9 Small-Space Decorating Sins
So you're spatially challenged: One or more of the rooms in your home are, well, a bit undersized. Okay, they're glorified closets. And your decorating decisions haven't helped matters much. We've asked four of our favorite design experts to bust common small-space decorating myths and share secrets that will help you supersize even the tiniest living space.
Small-Space Sin #1: Thinking "Cramped" Instead of "Cozy"
Decoration Salvation: "Small spaces get such a bum rap," laments Trading Spaces designer Laurie Smith. "I would much rather do a home that has well-thought-out small spaces than big, palatial ones." The multitalented designer and author of Discovering Home continues, "You can get a lot more mileage out of your dollar and pay attention to the accessorizing and dressing of a small space." But while a diminutive room has the potential to be a "jewel box" in your home, Smith says you really have to be detailed when decorating it, because everything becomes a focal point: "The eye travels quickly around a small room, so you want everything to have meaning and impact or at least be tailored and make sense in the space."
More Small-Space Decorating Sins Corrected:
Small-Space Sin #2: Small Room = Small Furniture
- Furniture Size and Paint Colors
- Decorating with Accessories and Multipurpose Furnishings
- Playing with Patterns and Mirrors
- Lighting and Wall Treatments
Decoration Salvation: Oprah fave Nate Berkus, who's just launched a home decor line at Linens 'n Things and authored his first book on design, Home Rules, advises selecting one high-impact piece as a focal point in a small room. "Look for one large-scale piece, such as a round table in a corner or a large canvas or mirror, to trick the eye and make the space feel larger," he suggests.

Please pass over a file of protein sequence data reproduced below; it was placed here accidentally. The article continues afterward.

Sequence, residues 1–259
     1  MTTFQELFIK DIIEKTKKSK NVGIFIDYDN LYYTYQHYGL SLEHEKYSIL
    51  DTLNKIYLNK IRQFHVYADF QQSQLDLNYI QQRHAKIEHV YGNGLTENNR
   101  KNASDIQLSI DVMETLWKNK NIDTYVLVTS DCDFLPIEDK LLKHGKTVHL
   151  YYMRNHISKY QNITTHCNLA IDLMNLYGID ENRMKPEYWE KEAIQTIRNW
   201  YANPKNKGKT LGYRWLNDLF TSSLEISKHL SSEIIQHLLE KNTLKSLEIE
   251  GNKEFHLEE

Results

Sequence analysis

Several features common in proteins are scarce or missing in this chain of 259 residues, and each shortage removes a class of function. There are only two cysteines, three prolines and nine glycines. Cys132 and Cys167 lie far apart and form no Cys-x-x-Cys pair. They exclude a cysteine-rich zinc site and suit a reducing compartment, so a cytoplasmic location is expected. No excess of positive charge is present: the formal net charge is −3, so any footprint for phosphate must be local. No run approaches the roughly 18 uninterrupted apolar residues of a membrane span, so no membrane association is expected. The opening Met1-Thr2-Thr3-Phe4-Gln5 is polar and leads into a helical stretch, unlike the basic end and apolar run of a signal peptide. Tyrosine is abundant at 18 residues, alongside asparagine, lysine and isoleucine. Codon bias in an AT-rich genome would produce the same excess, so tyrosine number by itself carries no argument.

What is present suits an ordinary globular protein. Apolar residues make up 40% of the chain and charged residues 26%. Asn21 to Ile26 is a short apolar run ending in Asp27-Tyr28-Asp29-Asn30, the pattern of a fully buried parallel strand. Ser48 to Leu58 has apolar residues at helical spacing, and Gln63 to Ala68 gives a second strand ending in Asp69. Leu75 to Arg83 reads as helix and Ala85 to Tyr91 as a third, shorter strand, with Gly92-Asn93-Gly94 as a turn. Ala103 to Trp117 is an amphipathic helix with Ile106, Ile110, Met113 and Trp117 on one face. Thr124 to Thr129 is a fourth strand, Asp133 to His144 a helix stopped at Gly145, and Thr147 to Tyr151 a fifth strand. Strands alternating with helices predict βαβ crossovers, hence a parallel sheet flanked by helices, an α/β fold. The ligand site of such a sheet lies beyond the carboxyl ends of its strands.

"The key is not the type of furniture, but its scale, adds Target's newest home design partner, Thomas O'Brien. You can make a compact room feel much bigger by choosing fewer large, bold pieces instead of several smaller ones. You just want to keep the main furnishings in proportion to each other." Take care to avoid loud and boldly patterned or overstuffed furniture with thick arms, reminds Berkus. Slim and streamlined pieces, such as armless Parson chairs, are beautiful space savers.
And look for ways to add multifunctionality to the space, says Laurie Smith. Ask yourself: What can I add to the room to make it more inviting? "I took a beautiful little writing desk and incorporated it into my living room," Smith says. "Now I go in there to do correspondence or pay the bills. It's another place to land besides the kitchen table."
Small-Space Sin #3: Being Afraid of the Dark
Decoration Salvation: Star of HGTV's popular Divine Design, Candice Olson wants to bust the myth that dark colors make a room look small. "That's really not the case," she asserts. "I love to use darker colors in small spaces. It's not the color that makes a room look small ‑- it's the contrast."
The busy Canadian designer and author of Candice Olson on Design explains: "There's a lot of contrast between the horizontal plane of the floor, the vertical color that might be on the walls and the more-than-likely white that's painted on the ceiling. So if you do opt for a dark color, it's the way the eye jumps from one plane to another that causes the room to look small." If you want to go dark or more dramatic, keep the contrast low, Olson advises: "Take the wall color onto the ceiling or use a shade that's two or three shades lighter than the walls on the ceiling so it keeps the contrast levels down."
"My favorite small spaces are deep, rich jewel tones with lots of depth," says Smith. She adds that when choosing a dark hue for the walls, such as a chocolate brown, keep the woodwork, cabinetry and/or trim a contrasting neutral color like cream. The dark color on the walls becomes negative space for the detail and furniture up against it.